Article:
SoA calls for greater financial transparency from publishers on authors’ earnings

6 March 2018

Writing in The Bookseller, CEO Nicola Solomon challenges trade publishers to adopt a fairer approach.

The article, published on Friday 2 March, highlights figures in a recent Publishers Association report showing that in 2016 authors received just 3% of publisher turnover. In the same year, major publishers’ profits averaged 13%, with Penguin Random House and Simon and Schuster each posting profits of 16%.

Solomon writes:

‘Publishers, of course, have a duty to make a profit for shareholders. But unless authors receive proper returns, the supply of quality work will inevitably diminish.’

SoA President Philip Pullman is quoted in the article: ‘It’s perfectly possible to make a good profit and pay a fair return to all of those on whose work, after all, everything else depends’.

Meanwhile, writers Paul McVeigh and Kit de Waal expressed concern about the barriers that low incomes are likely to present to writers from backgrounds currently underrepresented in publishing.

‘Commercial sensitivities’

Philip Jones, editor of The Bookseller, concludes his editorial in the same edition of the magazine with: ‘Solomon is right to raise the questions; publishers could do worse than provide some answers’.

But in response to the article, Stephen Lotinga CEO of the Publishers Association, told The Guardian on Monday that:

‘publishers absolutely recognise that writers should be fairly rewarded for their work and they do a huge amount to support talent … Royalties and advance flows are agreed on an individual, case-by-case basis and will vary across the industry. Publishers do communicate directly and transparently with authors, for example through royalty reports, but each contract is business-sensitive and so the communication is understandably with the individual concerned … There are commercial sensitivities around much of this information that will inevitably impact what could be shared more widely.’

That being said, we have identified four key areas where we think publishers can — and must — do better:

  1. Fair terms. Ahead of EU legislation, all publishers should sign up to our CREATOR principles for fair contracts.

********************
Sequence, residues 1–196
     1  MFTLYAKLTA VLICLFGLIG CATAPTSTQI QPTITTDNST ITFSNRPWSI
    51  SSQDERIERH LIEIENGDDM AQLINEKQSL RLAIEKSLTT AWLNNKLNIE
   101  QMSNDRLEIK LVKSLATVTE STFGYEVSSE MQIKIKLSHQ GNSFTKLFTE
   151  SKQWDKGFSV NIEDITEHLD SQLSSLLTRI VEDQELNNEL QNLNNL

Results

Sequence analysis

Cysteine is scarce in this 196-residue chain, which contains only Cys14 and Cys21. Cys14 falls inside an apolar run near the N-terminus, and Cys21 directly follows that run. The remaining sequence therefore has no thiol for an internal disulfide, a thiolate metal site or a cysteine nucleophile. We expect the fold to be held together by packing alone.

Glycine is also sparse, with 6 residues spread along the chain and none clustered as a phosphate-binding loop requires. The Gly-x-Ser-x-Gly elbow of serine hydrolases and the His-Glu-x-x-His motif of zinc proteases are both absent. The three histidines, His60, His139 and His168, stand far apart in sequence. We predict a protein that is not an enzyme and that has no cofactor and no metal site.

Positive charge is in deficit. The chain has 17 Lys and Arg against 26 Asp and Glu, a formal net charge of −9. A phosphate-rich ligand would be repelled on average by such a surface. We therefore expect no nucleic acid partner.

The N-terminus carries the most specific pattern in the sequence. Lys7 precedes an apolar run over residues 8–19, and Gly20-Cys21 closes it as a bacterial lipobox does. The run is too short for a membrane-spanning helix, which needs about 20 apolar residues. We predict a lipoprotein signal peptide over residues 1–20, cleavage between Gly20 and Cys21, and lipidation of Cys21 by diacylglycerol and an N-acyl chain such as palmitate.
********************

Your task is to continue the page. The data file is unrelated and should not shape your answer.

2. Accounting. Transparent and clear accounting to show exactly how much publishers pay authors, illustrators and translators.
  3. Increased shares. Publishers should commit to paying authors a higher proportion of turnover, and increase advances and escalators.
  4. Redistribution to a wider pool, not just celebrities, but writers from across society. And publish how author share is distributed in accounts.

Shrinking pay doesn’t just hurt established authors – it makes publishing less accessible to working-class creators and perpetuates the problems our industry has with diversity.

This is an important campaign that will inevitably run and run. We will of course keep you updated as the discussion develops.

In the meantime, we’re keen to read your thoughts on the topic in the comment thread below.


Elizabeth Holley (18/03/2018 03:13)
" I was interested in Suzanne Lumsden's remarks about the role of a publisher. My books are attractive and printed on good quality paper but my publisher seems to believe that 500 emails on first publication, and more after the sale of every thousand books, constitute 'publishing'. Securing shelf space in bookshops, book signings, radio interviews and appearances at a couple of National Trust festivals have all been down to my own efforts.
One of the largest literary festivals is held a few miles from my home, and my books for older children are set in the locality. As I have had some very good reviews, I thought that my publishers would want to help me be at the festival, in order to make sales. However, I was told it is all up to me. As I secured publication before I had found an agent, I doubt whether I shall ever be able to sell the quantity that a publisher might."
Stephen Archer (17/03/2018 03:40)
" Good to read about the support, great material to use."
Susanne Lumsden (16/03/2018 08:49)
" At the risk of a Bateman moment, is there an argument re no 3 (higher proportion of turnover) for switching to net receipts on all sales? The reason for this suggestion is to make royalty statements easier to interpret, as well as align the interests of authors and publishers.

The quid pro quo would be for commissioning editors to discuss with their authors:

a) the initial print run, and
b) the estimated percentage of sales in the stepped discount brackets.

A final thought. All trade promotions (with chains and wholesalers) = higher discounts. The greater visibility of such a promotion (whether in a Gardners catalogue to booksellers or the enhanced display in a bookshop) helps leapfrog a book's sales. The editor's role is to illustrate the expected increased turnover, but also stress that in publishing there are no guarantees."
David R Roberts (16/03/2018 07:52)
" "Commercial sensitivities"/business confidentiality: the lame excuse of every capitalist enterprise for changing nothing."
Sue Johnson (16/03/2018 04:35)
" According to my contract, I am supposed to receive a sales statement every six months. I have been with them over a year and have not yet had one. Is there anything I can do?"
Miles Craven (16/03/2018 03:32)
" It would also be good to see greater scrutiny into what constitutes 'net UK receipts' on which an author's royalty is based. As things stand, large publishers can decide for themselves how much income their local offices and subsidiaries in overseas markets need remit to the UK. The temptation may arise for UK-based publishers to allow their local operations to remit less than the full amount due, in order to help those local markets, minimise UK tax liabilities, and of course reduce the royalty due to authors."

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